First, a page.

Vernonia's voice. (Vernonia, OR) 2007-current, June 17, 2021, Page 13, Image 13

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    In Other Words
June 17
The Good Ol ’ Days
By Tobie Finzel
While it’s hard in current times
to appreciate what railroads meant to
the development of the West, we’ve
mentioned several times about the im-
portance of the railroad to this remote
location. From the false hope of a
railroad going through Vernonia to the
coast from Portland, it took the timber-
land acquisition and construction of the
Oregon-American Lumber Mill to final-
ly make it a reality the summer of 1922.
In the early spring of 1922, get-
ting to Vernonia was quite a different
story. An article in a 1960s rail publi-
cation told of Weaver Clark, the man
who in later years saved Engines 104
and 105 from the scrap heap, and his
first journey to Vernonia. At the time
he was operating a small sawmill in Al-
bany, Oregon, but prices were low. He
sought “greener pastures.” His brother-
in-law and he “put bows on the wagon
one rainy day in February and hitched
up Dick and Coaly, two handsome geld-
ings, and set off for Vernonia, a four
days’ drive.”
It was so cold that the men car-
ried lighted lanterns under a blanket to
keep from freezing. Rain froze on the
lines so solidly that they could push the
lines ahead to urge the horses onward.
Their route went through the town of
Jefferson and cross country on the west
side of the Willamette Valley via Yam-
hill where they stopped for the night
with a hospitable family. Their hands
were so cold they could hardly unhitch
the team.
After an early breakfast they
drove all day and stayed the night north
of Gales Creek near Glenwood. The
route followed Gales Creek to Timber
and at last down into the Nehalem Val-
ley. Much of the road was barely pass-
able in winter. The road that today is
Highway 47 was not built for another
four years. “Our first view of Vernonia
was from the old plank road along about
four o’clock in the afternoon, and a wel-
come sight it was… We put the horses in
an old red barn near the Grange Hall, a
building built many years earlier. Then
began a new life for Weaver Clark.”
Clark’s first job was for the man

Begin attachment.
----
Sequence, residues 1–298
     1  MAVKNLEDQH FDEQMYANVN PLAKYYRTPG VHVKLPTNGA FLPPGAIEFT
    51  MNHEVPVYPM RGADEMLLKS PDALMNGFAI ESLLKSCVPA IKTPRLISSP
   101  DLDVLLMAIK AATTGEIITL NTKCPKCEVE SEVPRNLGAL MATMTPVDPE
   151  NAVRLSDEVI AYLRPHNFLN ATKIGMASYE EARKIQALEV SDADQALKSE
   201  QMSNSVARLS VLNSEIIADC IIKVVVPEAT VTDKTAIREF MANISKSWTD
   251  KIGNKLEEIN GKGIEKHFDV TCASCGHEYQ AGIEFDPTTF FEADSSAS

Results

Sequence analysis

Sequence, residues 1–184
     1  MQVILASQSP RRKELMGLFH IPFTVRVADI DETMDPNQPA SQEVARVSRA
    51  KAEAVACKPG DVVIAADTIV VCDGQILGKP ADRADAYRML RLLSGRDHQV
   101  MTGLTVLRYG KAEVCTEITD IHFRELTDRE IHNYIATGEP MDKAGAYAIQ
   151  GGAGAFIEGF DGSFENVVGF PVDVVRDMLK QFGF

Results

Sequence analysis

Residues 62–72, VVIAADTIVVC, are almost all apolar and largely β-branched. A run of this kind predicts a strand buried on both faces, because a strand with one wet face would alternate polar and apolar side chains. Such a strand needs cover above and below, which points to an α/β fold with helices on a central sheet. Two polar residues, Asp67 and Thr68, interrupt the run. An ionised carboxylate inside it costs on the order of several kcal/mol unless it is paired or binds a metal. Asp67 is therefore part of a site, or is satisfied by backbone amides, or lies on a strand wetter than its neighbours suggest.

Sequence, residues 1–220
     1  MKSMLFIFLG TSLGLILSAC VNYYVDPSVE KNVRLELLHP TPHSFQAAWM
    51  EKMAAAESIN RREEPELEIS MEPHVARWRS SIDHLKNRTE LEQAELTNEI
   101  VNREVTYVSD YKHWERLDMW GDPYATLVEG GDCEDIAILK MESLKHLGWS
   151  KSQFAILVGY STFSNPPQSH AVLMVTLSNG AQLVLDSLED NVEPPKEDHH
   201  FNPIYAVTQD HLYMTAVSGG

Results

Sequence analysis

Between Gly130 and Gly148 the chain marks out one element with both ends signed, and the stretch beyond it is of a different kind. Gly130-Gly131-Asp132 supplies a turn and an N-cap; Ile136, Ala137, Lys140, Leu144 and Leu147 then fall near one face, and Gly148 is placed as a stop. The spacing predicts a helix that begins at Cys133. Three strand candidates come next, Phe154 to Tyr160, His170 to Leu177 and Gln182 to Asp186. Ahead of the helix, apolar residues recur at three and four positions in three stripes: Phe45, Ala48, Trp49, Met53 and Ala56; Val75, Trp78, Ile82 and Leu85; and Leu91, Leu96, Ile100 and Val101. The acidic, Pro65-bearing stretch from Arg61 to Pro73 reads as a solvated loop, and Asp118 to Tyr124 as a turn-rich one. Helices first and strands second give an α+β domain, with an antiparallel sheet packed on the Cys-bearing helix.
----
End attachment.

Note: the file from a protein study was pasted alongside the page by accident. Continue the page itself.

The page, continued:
who was supplying timbers for some of
the trestles being built for the Portland,
Astoria & Pacific (PA&P) Railway. A
construction company was grading
the rail line by mule teams and scrap-
ers along with men working grabbing
hoes and axes. Clark hauled the sawed
timbers that measured 8x16x32 from 4
am until 9 pm and earned $14 per day.
Clark felt like he was getting rich with
that good pay.
The steel rails for the PA&P
were laid the summer of 1922, and the
first train of mixed freight and passen-
ger cars rolled across them on August
3. The PA&P/United/Seattle, Portland
& Spokane (SP&S) rail line from the
Columbia/Clatsop County line through
Vernonia to Wilkesboro (near Banks)
and to the Willamette River at Burling-
ton was part of the rail boom that peaked
in the mid-1920s. The Pacific North-
west’s timber belt boasted 460 railroads
and 1,230 locomotives that traversed
6,700 miles of privately owned track-
age. By the 1940s, log trucks began to
replace the railroads, and the rail line to
Vernonia ceased commercial operations
shortly after the closure of the Oregon-
American Mill in 1958.
In the 1960s an excursion train
– the Vernonia, South Park & Sunset
line – ran twice on Sundays from Banks
to Vernonia and back, a 42 mile round
trip with a one hour stop in Vernonia for
passengers to have lunch or an early sup-
per and see the town. The big Baldwin
locomotive #105 that had hauled logs
daily to the O-A Mill was named “Old
Chet” in honor of Chet Alexander who
had been its engineer for nearly four
decades. A round trip ticket cost $3.50
with half fare for children. The cost of
maintaining the locomotive and the line